As well-documented, the loss of contrast sensitivity with eccentricity was sharper for higher spatial frequencies and for L/M cone-opponent stimuli than for achromatic or S-cone-opponent stimuli. For a study, researchers sought to examine two competing hypotheses and investigate how eccentricity affected perceived contrast when stimuli are given at suprathreshold contrasts. 

Contrast constancy predicted that, regardless of changes in detection threshold, there would be no decrease in perceived contrast across the visual field; appearance was solely dependent on physical contrast. On the other hand, perceived contrast may scale similarly to the detection threshold, indicating the proportionate rise in stimulus contrast above the threshold. Using a 2AFC contrast matching approach between the fovea and periphery, they assessed perceived contrast for stimuli presented to the L/M cone-opponent, S-cone opponent, and Ach up to 18 degrees of eccentricity.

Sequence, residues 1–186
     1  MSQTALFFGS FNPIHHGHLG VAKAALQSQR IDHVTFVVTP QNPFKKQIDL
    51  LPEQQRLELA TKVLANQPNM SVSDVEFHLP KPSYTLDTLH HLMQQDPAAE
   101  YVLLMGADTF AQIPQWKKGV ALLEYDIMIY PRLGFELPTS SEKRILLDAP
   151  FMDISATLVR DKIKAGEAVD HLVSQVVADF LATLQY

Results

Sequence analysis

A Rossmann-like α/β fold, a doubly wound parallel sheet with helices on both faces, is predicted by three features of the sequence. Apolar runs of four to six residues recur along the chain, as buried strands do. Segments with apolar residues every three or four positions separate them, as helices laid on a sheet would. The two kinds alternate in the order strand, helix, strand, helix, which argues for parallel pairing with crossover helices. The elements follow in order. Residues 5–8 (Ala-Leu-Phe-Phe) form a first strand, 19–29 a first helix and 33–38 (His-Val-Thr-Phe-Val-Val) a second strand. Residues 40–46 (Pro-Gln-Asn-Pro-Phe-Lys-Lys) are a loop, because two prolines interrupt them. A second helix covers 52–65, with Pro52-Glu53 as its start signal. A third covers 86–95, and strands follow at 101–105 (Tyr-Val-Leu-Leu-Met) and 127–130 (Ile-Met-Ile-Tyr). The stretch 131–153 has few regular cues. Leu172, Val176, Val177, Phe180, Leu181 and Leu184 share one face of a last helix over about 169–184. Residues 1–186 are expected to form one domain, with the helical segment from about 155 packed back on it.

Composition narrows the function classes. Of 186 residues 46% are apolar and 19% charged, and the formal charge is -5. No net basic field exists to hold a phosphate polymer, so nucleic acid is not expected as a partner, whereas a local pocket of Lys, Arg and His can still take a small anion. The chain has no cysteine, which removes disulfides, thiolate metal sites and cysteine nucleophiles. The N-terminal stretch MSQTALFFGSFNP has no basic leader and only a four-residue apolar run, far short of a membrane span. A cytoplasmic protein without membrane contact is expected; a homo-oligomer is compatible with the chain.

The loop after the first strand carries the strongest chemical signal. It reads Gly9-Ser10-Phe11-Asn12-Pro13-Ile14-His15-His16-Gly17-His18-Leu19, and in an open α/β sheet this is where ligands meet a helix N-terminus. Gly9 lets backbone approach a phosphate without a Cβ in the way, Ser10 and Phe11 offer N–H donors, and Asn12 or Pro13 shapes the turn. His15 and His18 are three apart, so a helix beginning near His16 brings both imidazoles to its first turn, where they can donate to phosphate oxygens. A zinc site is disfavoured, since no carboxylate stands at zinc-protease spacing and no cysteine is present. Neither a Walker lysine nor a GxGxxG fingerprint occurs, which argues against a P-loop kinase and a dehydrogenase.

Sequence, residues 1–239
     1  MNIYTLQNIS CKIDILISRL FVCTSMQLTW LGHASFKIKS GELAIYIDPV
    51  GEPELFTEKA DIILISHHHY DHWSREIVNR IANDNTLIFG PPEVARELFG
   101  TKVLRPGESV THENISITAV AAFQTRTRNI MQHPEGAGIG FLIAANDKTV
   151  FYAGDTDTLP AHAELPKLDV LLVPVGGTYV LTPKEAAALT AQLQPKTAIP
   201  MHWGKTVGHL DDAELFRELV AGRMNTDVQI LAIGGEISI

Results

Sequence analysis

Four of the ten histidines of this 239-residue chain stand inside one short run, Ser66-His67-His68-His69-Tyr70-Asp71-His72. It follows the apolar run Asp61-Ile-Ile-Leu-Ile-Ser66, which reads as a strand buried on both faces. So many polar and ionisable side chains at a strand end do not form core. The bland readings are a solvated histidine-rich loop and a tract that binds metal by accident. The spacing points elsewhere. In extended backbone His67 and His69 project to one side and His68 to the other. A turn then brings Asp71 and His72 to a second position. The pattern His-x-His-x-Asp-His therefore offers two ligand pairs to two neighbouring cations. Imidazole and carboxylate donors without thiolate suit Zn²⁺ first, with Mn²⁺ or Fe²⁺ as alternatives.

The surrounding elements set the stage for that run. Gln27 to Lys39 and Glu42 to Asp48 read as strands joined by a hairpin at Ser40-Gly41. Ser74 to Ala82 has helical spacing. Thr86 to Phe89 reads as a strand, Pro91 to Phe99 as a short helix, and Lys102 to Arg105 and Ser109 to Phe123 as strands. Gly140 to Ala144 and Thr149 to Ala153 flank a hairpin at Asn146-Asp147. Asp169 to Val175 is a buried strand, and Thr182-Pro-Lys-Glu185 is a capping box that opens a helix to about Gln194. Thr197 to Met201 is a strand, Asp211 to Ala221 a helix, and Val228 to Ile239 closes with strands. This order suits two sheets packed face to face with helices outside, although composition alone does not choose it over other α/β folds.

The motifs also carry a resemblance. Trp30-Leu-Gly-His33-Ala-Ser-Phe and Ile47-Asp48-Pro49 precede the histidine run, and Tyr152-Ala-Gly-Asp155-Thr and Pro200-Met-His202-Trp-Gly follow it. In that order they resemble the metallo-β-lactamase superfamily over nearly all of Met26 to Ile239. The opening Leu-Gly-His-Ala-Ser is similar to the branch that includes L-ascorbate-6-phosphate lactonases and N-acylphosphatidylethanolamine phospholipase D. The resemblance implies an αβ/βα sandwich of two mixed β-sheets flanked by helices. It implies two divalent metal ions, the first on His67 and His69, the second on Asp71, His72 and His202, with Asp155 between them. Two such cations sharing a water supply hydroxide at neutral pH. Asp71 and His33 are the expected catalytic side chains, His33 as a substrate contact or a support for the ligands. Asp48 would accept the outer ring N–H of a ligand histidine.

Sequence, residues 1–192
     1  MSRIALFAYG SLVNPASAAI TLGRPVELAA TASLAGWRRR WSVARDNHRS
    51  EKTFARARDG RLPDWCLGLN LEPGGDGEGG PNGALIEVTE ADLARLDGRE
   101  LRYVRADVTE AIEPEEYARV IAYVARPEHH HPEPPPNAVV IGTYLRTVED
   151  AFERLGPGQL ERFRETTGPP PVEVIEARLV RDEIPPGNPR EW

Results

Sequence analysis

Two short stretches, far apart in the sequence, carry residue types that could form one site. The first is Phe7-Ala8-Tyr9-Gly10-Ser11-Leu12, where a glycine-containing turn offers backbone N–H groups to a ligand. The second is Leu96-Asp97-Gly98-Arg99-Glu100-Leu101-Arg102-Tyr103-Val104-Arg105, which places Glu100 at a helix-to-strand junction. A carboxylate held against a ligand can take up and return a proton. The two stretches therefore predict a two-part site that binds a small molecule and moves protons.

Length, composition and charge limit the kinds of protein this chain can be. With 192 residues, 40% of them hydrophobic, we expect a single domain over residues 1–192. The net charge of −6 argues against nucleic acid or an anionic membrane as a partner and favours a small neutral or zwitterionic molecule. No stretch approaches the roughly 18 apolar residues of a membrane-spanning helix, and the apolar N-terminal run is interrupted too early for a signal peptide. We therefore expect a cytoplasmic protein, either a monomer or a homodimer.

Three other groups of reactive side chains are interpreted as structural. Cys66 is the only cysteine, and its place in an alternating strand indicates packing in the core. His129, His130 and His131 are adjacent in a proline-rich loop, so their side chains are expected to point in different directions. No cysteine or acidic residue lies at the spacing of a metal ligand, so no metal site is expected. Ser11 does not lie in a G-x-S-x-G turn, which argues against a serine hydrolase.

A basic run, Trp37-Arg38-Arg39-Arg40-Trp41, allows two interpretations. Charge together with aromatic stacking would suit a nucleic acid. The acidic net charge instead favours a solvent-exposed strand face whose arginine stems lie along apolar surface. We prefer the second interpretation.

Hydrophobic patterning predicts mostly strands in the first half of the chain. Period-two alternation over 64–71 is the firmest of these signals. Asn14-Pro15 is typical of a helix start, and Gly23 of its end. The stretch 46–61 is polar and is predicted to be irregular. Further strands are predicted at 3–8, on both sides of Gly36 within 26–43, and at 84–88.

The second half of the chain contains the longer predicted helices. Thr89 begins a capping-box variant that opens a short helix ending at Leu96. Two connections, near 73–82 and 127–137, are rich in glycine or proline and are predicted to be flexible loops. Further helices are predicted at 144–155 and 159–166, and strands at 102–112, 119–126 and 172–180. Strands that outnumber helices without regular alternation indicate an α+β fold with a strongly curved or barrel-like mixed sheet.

They experimented with various reference contrasts, ranging from low (near the detection threshold) to high suprathreshold contrasts, and they compared the perceived suprathreshold contrast to the observed detection thresholds. They showed support for a hybrid model in which perceived contrast was lowered with eccentricity for stimuli in the low and middle contrast range, and contrast constancy was only obtained at the greatest contrasts. In addition, they found no distinction between chromatic and Ach contrast responses when equated for comparable sensitivity losses.

Reference: jov.arvojournals.org/article.aspx?articleid=2783813